Audio podCast podcast

44 – Allen Bauer – Part 1 of 2

Sitting down to talk with Allen Bauer, Chief Scientist at Embarcadero working on Delphi.  Talking with Allen about Delphi for Mac, 64-Bit Delphi and Delphi on other platforms.  This is part 1 of 2.

29 replies on “44 – Allen Bauer – Part 1 of 2”

Hi Jim. Nick also had a part1 hope we here the part 2 from Allan 😛

“absolute” can cause significant type-safety holes by allowing one to “overlay” a variable of one type on top of a variable of another type. In the future this will cause significant confusion for things like further enhanced meta-data and run-time stack information leading up to a richer/safer run-time experience. This would certainly interfere with the potential future inclusion of garbage collector, for instance.


By that argument, variant records, pointers and hard-casts are also “holding the language back”.

If you want garbage collection and other pseudo-productivity features embedded in your language then you have the choice of using a language that offers such things.

imho Delphi will thrive not by playing “me too” and “feature catch-up” with those other languages (the mistake that Delphi.NET made and a role now fulfilled by Prism) but by offering the alternative … power and flexibility, yes perhaps at the cost of not having some sexy new features that your compiler developers might like to have fun trying to implement.

How you doin’? Good to see you here. In general, I agree. Delphi needs to no only offer “modern” language features and concepts, but it also needs to find ways of blending the old with the new. However, there are cases where certain features *do* run counter to our goals. Specifically for “absolute”, how it is implemented and expected to work does cause some limitations on our ability to progress things. For the other things you mention, we are looking very hard at maintaining those in one way or another. Specifically, variant records could be done by adding hidden metadata tag information that would describe which branch of the variant is active. The other items, such as pointers and hard casts, could also be handled by relegating them to specific compiler modes that require one to “opt-in” in order to use them.

This is by no means an exhaustive list. I was merely highlighting one relatively obscure item as an example. I do realize that it is only “obscure” if you rarely if ever use it. Otherwise it is not really “obscure” for the person relying on it.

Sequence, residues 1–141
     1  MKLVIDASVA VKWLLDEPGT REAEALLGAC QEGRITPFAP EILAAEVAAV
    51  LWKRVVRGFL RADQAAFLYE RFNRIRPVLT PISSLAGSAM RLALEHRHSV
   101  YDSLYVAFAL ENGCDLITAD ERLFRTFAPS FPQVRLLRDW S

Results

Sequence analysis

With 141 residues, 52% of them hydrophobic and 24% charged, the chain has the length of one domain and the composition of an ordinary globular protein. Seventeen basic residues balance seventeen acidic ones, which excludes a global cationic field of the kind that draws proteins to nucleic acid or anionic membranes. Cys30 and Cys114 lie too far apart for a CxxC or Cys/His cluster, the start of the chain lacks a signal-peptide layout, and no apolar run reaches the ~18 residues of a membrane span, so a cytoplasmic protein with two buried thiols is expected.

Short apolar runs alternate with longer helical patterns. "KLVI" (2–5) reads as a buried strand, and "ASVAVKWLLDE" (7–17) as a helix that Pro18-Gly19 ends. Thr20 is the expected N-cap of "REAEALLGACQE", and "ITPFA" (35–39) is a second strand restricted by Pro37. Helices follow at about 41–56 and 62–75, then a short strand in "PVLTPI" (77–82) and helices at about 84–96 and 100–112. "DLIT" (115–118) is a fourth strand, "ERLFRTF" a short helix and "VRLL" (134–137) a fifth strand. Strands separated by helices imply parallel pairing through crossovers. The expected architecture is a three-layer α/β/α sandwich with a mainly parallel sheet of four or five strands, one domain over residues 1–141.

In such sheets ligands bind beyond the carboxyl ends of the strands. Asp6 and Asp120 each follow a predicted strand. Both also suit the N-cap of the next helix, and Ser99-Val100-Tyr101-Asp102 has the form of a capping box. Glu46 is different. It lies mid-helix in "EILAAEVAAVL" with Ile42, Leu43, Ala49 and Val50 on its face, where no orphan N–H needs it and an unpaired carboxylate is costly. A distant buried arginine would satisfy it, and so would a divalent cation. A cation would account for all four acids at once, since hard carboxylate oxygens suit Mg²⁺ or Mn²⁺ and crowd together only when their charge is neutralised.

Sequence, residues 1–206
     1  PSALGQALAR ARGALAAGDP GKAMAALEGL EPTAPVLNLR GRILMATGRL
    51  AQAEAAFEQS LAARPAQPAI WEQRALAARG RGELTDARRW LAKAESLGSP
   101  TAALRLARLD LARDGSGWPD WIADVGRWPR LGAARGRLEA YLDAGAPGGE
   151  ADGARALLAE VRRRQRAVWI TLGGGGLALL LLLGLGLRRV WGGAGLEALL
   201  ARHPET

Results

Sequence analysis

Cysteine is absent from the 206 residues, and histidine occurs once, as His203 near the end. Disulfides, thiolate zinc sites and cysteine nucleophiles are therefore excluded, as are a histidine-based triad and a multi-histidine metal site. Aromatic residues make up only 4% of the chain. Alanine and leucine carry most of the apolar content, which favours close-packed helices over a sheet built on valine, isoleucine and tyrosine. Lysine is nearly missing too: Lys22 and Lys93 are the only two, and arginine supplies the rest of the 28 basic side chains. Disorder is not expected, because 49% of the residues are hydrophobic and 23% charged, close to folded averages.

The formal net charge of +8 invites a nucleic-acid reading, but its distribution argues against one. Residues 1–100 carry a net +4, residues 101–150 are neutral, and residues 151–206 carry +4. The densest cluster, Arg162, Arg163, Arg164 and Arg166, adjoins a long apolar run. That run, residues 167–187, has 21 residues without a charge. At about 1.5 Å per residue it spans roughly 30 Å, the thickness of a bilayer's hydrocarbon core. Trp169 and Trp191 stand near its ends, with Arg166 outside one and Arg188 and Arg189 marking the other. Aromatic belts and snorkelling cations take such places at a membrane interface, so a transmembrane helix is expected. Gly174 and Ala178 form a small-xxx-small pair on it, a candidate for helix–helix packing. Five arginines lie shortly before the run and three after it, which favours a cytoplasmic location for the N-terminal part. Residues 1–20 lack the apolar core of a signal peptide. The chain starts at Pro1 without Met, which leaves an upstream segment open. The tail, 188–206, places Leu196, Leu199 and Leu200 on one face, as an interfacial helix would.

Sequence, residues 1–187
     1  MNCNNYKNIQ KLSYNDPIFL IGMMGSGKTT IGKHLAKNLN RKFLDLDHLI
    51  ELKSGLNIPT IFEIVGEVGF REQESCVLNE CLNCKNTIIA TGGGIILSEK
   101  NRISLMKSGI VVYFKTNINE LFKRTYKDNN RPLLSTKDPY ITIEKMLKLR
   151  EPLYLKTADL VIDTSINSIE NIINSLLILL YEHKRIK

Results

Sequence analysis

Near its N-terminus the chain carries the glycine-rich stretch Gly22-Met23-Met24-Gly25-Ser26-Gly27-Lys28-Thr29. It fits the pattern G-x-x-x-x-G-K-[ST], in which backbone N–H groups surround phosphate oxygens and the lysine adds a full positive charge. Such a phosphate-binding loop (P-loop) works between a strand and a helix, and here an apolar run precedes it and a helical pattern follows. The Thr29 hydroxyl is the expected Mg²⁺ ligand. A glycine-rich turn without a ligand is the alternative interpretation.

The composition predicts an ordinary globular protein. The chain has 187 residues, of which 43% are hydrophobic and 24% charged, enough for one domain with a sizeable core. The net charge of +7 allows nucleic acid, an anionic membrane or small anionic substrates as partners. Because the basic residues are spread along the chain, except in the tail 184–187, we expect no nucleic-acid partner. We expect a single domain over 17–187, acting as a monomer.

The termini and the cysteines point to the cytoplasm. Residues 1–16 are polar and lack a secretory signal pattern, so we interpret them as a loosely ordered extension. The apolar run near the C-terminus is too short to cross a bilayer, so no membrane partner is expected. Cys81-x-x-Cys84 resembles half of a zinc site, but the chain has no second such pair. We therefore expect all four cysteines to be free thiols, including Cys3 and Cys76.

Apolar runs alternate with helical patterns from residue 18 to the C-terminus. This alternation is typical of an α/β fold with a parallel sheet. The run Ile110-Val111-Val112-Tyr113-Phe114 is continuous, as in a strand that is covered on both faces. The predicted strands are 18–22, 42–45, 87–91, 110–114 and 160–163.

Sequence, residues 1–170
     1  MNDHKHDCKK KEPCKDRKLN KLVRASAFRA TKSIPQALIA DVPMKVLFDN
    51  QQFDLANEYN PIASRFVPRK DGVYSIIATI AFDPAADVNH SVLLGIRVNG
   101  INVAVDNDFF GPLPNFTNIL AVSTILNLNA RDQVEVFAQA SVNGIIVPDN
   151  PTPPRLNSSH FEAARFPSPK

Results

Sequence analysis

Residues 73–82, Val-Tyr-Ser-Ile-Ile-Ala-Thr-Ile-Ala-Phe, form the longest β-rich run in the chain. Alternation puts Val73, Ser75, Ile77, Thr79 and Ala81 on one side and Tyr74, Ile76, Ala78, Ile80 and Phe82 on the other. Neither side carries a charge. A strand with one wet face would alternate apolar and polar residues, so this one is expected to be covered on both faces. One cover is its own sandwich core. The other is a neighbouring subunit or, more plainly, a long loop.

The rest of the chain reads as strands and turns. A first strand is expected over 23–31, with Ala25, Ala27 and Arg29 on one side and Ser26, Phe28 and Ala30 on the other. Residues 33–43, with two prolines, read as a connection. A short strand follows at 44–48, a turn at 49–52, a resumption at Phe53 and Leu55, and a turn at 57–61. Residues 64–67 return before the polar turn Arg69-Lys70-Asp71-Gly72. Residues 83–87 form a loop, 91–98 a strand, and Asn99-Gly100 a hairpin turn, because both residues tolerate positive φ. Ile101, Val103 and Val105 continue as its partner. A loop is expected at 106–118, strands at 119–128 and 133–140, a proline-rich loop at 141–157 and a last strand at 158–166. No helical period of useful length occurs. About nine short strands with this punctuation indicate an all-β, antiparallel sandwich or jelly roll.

Great interview. Didn’t understand 90% of it but nodded vigorously at the bit about compiling existing code with very few changes.

I will hopefully understand more of Part 2, particularly if it contains the phrase “you can just recompile existing code and sell it to Mac users”.

@Allen, Moritz: Fair enough, but I’ve always thought of absolute and hard casts as a way to tell the compiler “Trust me, I know what I’m doing. You don’t have to worry about ensuring type safety here because I’ve got it covered.” They don’t violate type safety so much as shift the responsibility from it from the compiler to the coder. (Who is then free to violate type safety to his heart’s content, of course.)

I can’t comment on the rich metadata Allen had in mind, but with regard to the garbage collector it basically gets down to the question whether Delphi will be able to employ an exact GC or whether it has to stick with a conservative GC. A conservative GC is just as the name implies – in fact it’s so conservative that you can use it with existing Delphi and C++ code without any changes (assuming you don’t bit-twist your pointers, stuff them in unaligned memory, hide them in external resources or pursue other pathological abuses). But the downsides of the conservative approach degrade the GC to a mere performance optimization. It can’t move around memory to overcome fragmentation, it needs to scan the entire process memory upon collection and it is prone to systematic memory leakage, other than an exact GC which only exhibits “logical leaks” (which you have to deal with in non-GC environments as well).

Personally, I can’t quite imagine the traditional Delphi to completely rule out type-unsafe operations at this point. (After all, every kind of inline assembly code is inherently type-unsafe, but still the team goes to great lengths to make sure BASM is available in the 64-bit compiler.) I’d rather expect the type safety question and the GC to be more relevant in the “other platforms” Allen is talking about.

Of course the compiler could go with an exact GC and still permit you to hard-cast if you think you know better. But when looking through my own everyday uses of unsafe code, I noticed that most of them have to do with storing a pointer in a weakly-typed manner (object ref -> TComponent.Tag, ref -> LPARAM, ref -> untyped Pointer). So (if you excuse this generalization of my observations), given that pretty much all of my type-unsafe code is going to break anyway with an exact GC, there’s not much point in allowing it to compile.

@Mason: That’s very well put.

Managed code on the other hand typically comes from a place of “The developer never knows better than the compiler”

@Allen: What I can’t quite put my finger on is why additional meta data could not also be put on “absolute” in the way that you seem to envisage for hard-casts.

As I observe in my blog post, an absolute variable is effectively short-hand for repeated inline hard-casts.

The compiler can surely treat a variable declared “absolute” as an inline hard-cast “macro” (maybe not literally, but in effect) and whatever safety mechanisms you envisaged for hard-casts could then be deployed for references to “absolute” variables.

Or just make it an “opt-in” language feature, as you suggest. 🙂

Hi Allen,

many thanks for the great interview.

You mentioned that the length of a string will remain at 32 bit. Instead people can use an an array.
But what about the TStringBuilder? It wraps a TCharArray and with it it also shouldn’t be limited to 32 bit. Since the TStringBuilder has advantages according the allocation of memory it is IMO already the recommended data type for string manipulating.



incidentally my VERY FIRST Delphi program (Delphi 1) was a fake error message where the OK button would run away from the cursor (swapping sides with Cancel)